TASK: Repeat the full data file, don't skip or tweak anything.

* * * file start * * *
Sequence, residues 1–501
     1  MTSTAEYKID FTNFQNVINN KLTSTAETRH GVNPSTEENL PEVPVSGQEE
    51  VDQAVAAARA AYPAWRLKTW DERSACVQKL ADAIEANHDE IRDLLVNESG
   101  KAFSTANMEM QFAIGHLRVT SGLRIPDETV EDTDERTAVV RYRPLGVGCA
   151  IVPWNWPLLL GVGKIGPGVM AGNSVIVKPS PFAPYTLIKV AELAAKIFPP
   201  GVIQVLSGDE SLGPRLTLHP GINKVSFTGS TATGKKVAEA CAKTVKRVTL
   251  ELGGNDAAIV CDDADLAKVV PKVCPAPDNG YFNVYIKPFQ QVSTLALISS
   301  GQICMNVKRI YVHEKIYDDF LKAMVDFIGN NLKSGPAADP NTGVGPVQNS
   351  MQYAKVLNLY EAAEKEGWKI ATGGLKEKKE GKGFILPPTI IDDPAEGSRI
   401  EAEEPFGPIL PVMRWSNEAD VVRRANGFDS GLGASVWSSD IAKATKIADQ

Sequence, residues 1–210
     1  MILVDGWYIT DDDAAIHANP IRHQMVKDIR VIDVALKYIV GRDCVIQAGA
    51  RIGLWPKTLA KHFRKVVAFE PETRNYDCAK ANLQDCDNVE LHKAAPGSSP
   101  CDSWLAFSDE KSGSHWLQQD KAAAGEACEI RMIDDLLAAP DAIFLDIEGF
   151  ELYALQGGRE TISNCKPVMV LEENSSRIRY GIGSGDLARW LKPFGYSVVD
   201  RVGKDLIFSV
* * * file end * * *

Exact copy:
Sequence, residues 1–501
     1  MTSTAEYKID FTNFQNVINN KLTSTAETRH GVNPSTEENL PEVPVSGQEE
    51  VDQAVAAARA AYPAWRLKTW DERSACVQKL ADAIEANHDE IRDLLVNESG
   101  KAFSTANMEM QFAIGHLRVT SGLRIPDETV EDTDERTAVV RYRPLGVGCA
   151  IVPWNWPLLL GVGKIGPGVM AGNSVIVKPS PFAPYTLIKV AELAAKIFPP
   201  GVIQVLSGDE SLGPRLTLHP GINKVSFTGS TATGKKVAEA CAKTVKRVTL
   251  ELGGNDAAIV CDDADLAKVV PKVCPAPDNG YFNVYIKPFQ QVSTLALISS
   301  GQICMNVKRI YVHEKIYDDF LKAMVDFIGN NLKSGPAADP NTGVGPVQNS
   351  MQYAKVLNLY EAAEKEGWKI ATGGLKEKKE GKGFILPPTI IDDPAEGSRI
   401  EAEEPFGPIL PVMRWSNEAD VVRRANGFDS GLGASVWSSD IAKATKIADQ

Sequence, residues 1–210
     1  MILVDGWYIT DDDAAIHANP IRHQMVKDIR VIDVALKYIV GRDCVIQAGA
    51  RIGLWPKTLA KHFRKVVAFE PETRNYDCAK ANLQDCDNVE LHKAAPGSSP
   101  CDSWLAFSDE KSGSHWLQQD KAAAGEACEI RMIDDLLAAP DAIFLDIEGF
   151  ELYALQGGRE TISNCKPVMV LEENSSRIRY GIGSGDLARW LKPFGYSVVD
   201  RVGKDLIFSV